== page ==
Healthy lung development hinges on immune-epithelial crosstalk, revealing a new role for immune cells outside of immunity, with implications for treating respiratory diseases.

Immune cells play an active and intimate role in directing the growth of human lung tissue during development, researchers find, furthering the understanding of early lung development and the role of immune cells outside of immunity.

The research, published in Science Immunology, offers new insights for understanding and treating respiratory conditions, such as chronic obstructive pulmonary disease (COPD). 

The work reveals a “surprising” coordination between the immune and respiratory systems, much earlier in development than previously thought, according to the researchers from the Wellcome Sanger Institute, University College London (UCL), and their collaborators at European Molecular Biology Laboratory’s European Bioinformatics Institute. This discovery raises questions about the potential role of immune cells in other developing organs across the body.

The researchers used advanced single-cell technologies to map the development of early human lung immune cells over time, creating an immune cell atlas of the developing lung. It is part of the international Human Cell Atlas initiative, which entails mapping every cell type in the human body to better our understanding of health, infection, and disease.

Immune cells make up a substantial portion of the airways and mature lungs, which have critical gas exchange and barrier functions, providing protection against infection of the respiratory tract. However, the roles of immune cells in the developing organ have remained unexplored compared to structural or lining cell types. Recent discoveries confirm the presence of immune cells in human lungs as early as five weeks into development.

To explore whether the immune system might influence how lungs grow, the team studied immune cells in early human lungs from fivr to 22 weeks of development. They used various techniques, including single-cell sequencing and experiments with lung cell cultures, to see if immune cells could affect lung cell development.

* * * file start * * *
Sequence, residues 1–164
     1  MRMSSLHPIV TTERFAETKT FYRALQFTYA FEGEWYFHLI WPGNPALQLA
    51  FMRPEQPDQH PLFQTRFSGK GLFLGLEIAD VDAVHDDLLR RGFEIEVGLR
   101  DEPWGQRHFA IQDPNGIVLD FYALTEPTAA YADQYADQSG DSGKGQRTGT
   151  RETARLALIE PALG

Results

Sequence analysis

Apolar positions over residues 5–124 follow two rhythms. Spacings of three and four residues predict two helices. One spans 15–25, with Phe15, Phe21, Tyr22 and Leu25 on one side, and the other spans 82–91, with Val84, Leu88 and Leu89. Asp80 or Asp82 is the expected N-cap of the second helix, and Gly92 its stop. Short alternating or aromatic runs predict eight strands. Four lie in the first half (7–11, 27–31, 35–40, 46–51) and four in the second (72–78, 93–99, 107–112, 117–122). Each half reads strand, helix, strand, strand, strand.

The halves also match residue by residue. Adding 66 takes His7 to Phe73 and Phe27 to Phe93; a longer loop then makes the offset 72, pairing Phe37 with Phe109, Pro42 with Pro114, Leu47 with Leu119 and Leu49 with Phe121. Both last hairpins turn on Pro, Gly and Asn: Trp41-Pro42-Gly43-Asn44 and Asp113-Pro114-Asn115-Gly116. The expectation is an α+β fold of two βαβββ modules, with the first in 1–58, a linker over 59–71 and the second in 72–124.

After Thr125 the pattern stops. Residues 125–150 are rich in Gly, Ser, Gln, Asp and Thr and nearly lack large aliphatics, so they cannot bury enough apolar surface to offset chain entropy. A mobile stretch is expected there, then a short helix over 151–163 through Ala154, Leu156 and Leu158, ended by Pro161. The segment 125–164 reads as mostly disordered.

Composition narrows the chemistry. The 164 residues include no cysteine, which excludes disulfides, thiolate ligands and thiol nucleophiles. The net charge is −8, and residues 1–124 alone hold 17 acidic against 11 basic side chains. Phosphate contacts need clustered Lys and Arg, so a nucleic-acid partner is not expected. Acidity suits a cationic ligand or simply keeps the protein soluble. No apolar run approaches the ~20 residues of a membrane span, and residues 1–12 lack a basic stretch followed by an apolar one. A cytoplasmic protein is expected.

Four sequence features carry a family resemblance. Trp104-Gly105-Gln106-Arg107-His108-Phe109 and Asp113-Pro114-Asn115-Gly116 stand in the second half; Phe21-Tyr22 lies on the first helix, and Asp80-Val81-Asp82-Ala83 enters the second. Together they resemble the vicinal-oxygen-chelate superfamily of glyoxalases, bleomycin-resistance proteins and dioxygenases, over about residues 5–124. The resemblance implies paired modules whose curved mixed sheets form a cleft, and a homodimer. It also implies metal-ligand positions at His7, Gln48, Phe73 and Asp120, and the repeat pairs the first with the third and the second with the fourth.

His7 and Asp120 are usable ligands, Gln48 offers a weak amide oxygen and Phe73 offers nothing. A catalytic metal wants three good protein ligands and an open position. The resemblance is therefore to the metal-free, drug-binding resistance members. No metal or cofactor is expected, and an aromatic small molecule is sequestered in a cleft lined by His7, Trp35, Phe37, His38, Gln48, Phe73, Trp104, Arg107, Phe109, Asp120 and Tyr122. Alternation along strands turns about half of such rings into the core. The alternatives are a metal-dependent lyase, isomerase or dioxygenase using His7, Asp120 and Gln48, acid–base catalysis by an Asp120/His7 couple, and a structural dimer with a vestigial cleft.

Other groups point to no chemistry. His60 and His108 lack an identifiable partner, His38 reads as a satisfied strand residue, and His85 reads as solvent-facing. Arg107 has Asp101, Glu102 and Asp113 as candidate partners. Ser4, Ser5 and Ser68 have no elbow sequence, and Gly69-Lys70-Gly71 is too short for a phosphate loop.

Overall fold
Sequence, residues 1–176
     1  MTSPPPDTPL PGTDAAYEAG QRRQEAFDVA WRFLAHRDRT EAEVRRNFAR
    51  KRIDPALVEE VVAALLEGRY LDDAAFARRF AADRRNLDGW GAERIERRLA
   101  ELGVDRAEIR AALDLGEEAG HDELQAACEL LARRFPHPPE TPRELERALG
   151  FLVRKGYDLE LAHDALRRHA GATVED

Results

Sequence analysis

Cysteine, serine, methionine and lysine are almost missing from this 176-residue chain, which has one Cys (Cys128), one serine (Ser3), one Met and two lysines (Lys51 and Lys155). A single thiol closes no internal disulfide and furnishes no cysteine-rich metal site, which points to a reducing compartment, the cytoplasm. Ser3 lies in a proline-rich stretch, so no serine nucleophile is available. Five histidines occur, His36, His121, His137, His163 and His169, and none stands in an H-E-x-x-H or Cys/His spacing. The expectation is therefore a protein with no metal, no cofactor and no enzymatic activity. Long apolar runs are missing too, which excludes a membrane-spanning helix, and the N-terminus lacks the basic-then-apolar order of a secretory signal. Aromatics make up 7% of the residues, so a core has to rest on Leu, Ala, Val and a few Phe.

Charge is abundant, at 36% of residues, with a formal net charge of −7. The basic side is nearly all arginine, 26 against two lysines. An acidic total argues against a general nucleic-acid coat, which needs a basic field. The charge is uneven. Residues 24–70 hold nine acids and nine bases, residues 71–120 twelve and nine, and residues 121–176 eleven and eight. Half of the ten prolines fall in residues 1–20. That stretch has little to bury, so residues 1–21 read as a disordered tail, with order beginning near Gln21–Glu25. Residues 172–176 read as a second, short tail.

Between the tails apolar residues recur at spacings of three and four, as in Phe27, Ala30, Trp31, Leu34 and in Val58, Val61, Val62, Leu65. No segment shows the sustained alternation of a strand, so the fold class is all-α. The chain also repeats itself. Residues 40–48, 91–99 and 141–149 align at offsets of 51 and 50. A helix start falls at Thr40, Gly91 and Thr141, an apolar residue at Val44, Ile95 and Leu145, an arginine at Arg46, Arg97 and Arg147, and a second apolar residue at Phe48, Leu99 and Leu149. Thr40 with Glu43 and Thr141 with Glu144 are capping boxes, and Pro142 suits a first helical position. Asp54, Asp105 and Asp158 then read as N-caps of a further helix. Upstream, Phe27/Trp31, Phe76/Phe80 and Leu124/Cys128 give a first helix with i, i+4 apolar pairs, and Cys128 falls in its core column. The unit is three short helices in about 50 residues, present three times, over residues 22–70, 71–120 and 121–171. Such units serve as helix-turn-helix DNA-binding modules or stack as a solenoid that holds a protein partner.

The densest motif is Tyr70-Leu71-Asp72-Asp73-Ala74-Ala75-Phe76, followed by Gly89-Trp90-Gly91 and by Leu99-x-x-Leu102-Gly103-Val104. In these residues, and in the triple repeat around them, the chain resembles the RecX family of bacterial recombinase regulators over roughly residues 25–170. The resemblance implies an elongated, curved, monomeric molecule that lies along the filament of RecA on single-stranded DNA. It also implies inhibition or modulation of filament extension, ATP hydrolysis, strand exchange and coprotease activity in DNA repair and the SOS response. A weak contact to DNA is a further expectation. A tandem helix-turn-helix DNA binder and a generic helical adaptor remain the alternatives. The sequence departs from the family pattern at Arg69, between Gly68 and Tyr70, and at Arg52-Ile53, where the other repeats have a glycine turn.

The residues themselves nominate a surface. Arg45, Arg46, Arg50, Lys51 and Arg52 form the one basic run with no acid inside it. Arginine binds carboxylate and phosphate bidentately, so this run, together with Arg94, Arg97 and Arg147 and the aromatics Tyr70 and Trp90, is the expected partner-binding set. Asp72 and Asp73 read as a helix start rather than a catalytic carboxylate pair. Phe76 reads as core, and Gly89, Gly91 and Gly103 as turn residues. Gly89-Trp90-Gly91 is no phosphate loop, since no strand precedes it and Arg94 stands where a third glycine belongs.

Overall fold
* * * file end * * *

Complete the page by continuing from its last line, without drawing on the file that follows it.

They identified key regulators of lung development, including signaling molecules IL-1β and IL-13 that facilitate the coordination of lung stem cells differentiating into specialized mature cell types.

The researchers detected an infiltration of innate, followed by adaptive immune cells. Innate cells included innate lymphoid cells, natural killer cells, myeloid cells, and progenitor cells. With respect to adaptive immune cells, as well as T cells, both developing and mature B lineage cells were detected, indicating that the lung environment supports B cell development.

The researchers say the findings fundamentally change the understanding of the immune and epithelial interactions that are crucial for fetal lung maturation. They also suggest that early immune disturbances could manifest as pediatric lung disease.

These new insights into mechanisms in early lung formation will also contribute to the development of new therapeutic approaches for regenerating damaged lung tissue and restoring lung function, the researchers say. 

“We now know immune-epithelial crosstalk is a feature of early lung development. This vital baseline of healthy lung development will help us understand what happens when lung developmental processes get disrupted, for example in preterm births, which can lead to respiratory deficiencies,” says Marko Nikolić, PhD, senior author of the study at UCL Division of Medicine and honorary consultant in respiratory medicine, in a release.

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